No change in diet, alcohol consumption or physical activity that could explain the changes in lipoatrophy or blood pressure was found. A limiting factor in the diet questionnaire was the lack of questions about salt consumption, but it seems unlikely that ingestion of salt should have increased significantly between the two visits. 
Lipoatrophy and associated factors in the Oslo HIV Cohort 2000-01 
Of the 308 OHIV patients, 67 (22%) had lipoatrophy. The lipoatrophy (LA) patients were older, included more men and more white individuals, and had been HIV-infected for a longer period than the non-lipoatrophic (non-LA) patients. They also had greater previous weight loss, but the prevalences of BMI<23 kg/m2 were similar (LA patients 60% vs. non-LA patients 52%; P=0.28). This discrepancy was explained by a higher initial weight in the LA group compared to the non-LA group (76±12 vs. 72±13 kg, respectively; P=0.026).  
The prevalences of an AIDS diagnosis (P=0.065) and HIV wasting syndrome (LA group, five patients; non-LA group, three patients) were similar. Rather more subjects in the non-LA group had a high viral load, but the difference was not statistically significant (32% vs. 25%, respectively; P=0.088). The percentages of patients with current CD4 count<100 cells/muL were similar in the two groups (P=0.41), but the prevalence of nadir CD4 count<160 cells/muL was higher in the LA than in the non-LA group. Ninety-four per cent of the LA group and 75% of the non-LA group were ART-experienced (P<0.001).  
The prevalence of the use of all ART drugs that differed significantly between the groups is presented in Table 1. Efavirenz was included in the multivariate analysis because the difference was nearly significant (P=0.051). In the OHIV cohort, 52% of patients were stavudine-experienced, 78% in the LA group and 44% in the non-LA group (P<0.001), and the LA subjects had used stavudine for a longer time (mean 24±12 vs. 17±11 months, respectively). In the LA group, 60% still used stavudine at the first visit, compared to 30% in the non-LA group (P<0.001). Older age [OR 1.79; 95% confidence interval (CI) 1.04-3.11; P=0.037], male gender (OR 3.30; 95% CI 1.36-8.13; P=0.009), white race (OR 3.08; 95% CI 1.26-7.50; P=0.013), duration of HIV infection>80 months (OR 3.30; 95% CI 1.83-5.96; P<0.001), low nadir CD4 count (OR 3.08; 95% CI 1.72-5.52; P<0.001), weight loss>7 kg (OR 2.93; 95% CI 1.59-5.41; P=0.001), current and/or previous use of stavudine (OR 4.34; 95% CI 2.32-8.14; P<0.001) and the other ART drugs shown in Table 1 (data not presented) were all significantly associated with lipoatrophy and hence included in the multivariate model.  
In the final analysis, three factors were significantly associated with lipoatrophy; weight loss>7 kg, current and/or previous use of stavudine and duration of HIV infection>80 months. 
Lipoatrophy in the follow-up study
To include the most lipoatrophic subjects in the follow-up study, we chose white males with triceps skin fold<10 mm. Forty-seven of the 308 patients examined in 2000-2001 fulfilled the inclusion criteria. Forty-six of the patients in the ART-treated group were included. None of the ART±patients had both lipoatrophy and triceps skin fold<10 mm. In the ART-naïve group, three male patients had lipoatrophy, but only one had triceps skin fold<10 mm. This patient was more than 70 years old and died before the follow-up study was initiated. By December 2003, five of the 47 patients had died. The causes of death were HIV-related heart failure, ART-induced pancreatitis, AIDS with cytomegalovirus (CMV) infection, coronary heart disease and unknown in one case. One patient did not respond to the invitation letter and one was hospitalized and died later of AIDS/CMV infection. In the OHIV study 2000-01, all the above-mentioned six patients who died had a weight loss>7 kg (range 8-35 kg). This group had a mean nadir CD4 count of 17 cells/mul, three of them had an AIDS diagnosis and one was diagnosed with HIV wasting syndrome.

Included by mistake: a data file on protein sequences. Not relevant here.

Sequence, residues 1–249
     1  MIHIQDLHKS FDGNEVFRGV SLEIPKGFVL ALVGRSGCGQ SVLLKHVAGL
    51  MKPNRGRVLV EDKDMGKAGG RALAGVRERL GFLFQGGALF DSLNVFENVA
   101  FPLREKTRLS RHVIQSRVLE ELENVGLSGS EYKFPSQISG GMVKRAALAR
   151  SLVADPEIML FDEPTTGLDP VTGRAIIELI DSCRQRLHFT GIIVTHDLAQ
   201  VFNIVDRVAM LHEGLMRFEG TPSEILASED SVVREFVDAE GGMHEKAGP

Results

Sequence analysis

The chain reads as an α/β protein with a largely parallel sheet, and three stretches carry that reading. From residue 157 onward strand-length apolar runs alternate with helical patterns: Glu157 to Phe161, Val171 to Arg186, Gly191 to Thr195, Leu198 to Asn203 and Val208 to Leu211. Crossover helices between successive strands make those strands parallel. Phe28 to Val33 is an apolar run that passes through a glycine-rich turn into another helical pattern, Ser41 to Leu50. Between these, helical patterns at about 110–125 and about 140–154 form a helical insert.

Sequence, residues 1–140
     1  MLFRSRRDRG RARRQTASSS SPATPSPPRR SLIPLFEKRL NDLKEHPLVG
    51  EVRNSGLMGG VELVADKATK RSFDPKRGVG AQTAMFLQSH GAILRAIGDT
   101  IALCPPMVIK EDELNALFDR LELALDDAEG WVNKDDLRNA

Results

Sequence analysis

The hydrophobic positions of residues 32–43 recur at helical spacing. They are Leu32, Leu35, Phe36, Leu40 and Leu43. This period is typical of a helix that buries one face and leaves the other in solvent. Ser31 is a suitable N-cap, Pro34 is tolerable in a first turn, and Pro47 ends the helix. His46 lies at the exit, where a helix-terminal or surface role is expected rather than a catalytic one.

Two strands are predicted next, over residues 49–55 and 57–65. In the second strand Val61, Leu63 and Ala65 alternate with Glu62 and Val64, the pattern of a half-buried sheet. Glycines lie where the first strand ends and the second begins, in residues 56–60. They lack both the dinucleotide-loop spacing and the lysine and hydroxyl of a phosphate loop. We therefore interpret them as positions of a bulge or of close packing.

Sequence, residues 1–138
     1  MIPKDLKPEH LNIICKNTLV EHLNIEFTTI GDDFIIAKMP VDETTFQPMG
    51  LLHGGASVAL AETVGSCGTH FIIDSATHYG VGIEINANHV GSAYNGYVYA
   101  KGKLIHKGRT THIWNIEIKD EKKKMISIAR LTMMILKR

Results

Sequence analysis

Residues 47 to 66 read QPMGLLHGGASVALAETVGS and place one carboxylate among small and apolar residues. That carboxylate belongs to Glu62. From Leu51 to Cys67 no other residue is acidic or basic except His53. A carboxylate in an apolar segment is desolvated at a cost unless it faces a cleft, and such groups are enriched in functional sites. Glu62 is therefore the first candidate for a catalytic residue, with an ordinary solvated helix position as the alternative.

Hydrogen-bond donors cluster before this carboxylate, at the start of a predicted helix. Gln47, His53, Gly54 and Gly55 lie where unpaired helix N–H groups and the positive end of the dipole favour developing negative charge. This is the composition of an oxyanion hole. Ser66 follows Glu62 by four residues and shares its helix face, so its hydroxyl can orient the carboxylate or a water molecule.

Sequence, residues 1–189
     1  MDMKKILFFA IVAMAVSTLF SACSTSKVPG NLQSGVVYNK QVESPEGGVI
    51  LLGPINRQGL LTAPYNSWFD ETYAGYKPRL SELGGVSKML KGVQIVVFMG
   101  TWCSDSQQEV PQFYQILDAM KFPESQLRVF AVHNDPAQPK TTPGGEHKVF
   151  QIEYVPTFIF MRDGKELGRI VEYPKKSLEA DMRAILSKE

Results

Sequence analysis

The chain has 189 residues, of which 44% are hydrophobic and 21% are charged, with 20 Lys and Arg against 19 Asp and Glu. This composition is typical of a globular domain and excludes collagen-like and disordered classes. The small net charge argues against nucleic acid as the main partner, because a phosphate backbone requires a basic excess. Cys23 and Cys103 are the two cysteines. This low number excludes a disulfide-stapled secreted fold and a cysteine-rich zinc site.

The 40 remaining patients were examined a median of 44 months after the first visit [interquartile range (IQR) 40-46 months]. In 90% of the patients, the HIV infection was homosexually acquired. Median age at baseline was 47 years (IQR 38-50 years). They had been HIV-infected for a long time: median 13.1 years (IQR 9.7-17.5 years) at the second visit. Fifteen patients (38%) no longer fulfilled the criteria of lipoatrophy. The prevalence of arm and buttock atrophy was particularly reduced. Eighteen patients (45%) reported an increase and nine (23%) a reduction in peripheral or central fat. Thirty patients (75%) had visible veins at the first visit, as opposed to twenty (50%) at the second visit (P=0.013). Two patients with a Buffalo hump and one with atrophic cheeks had undergone cosmetic surgery. Twelve of the 17 patients with facial atrophy would consider cosmetic surgery if accessible. 
Mean CD4 count had increased between the first and second visits; from 394±180 to 528±285 cells/muL (P=0.004), but the prevalences of HIV RNA<50 copies/mL were similar; 52% vs. 55%, respectively. Mean BMI and waist and hip circumferences increased between the first and the second visits. Twenty-five patients had put on weight, 20 more than 2 kg. Nine patients (23%) had lost more than 7 kg. In the 12 patients who had prominent veins at the first but not at the second visit, mean triceps skin fold thickness had increased from 6.1±1.7 to 7.4±2.0 mm (P=0.021). No statistically significant association was found between atrophy reversal and weight gain>0.63 kg (OR 2.16; 95% CI 0.54-8.68; P=0.27) or CD4 count increase>170 cells/muL (OR 2.25; 95% CI 0.61-8.31; P=0.22).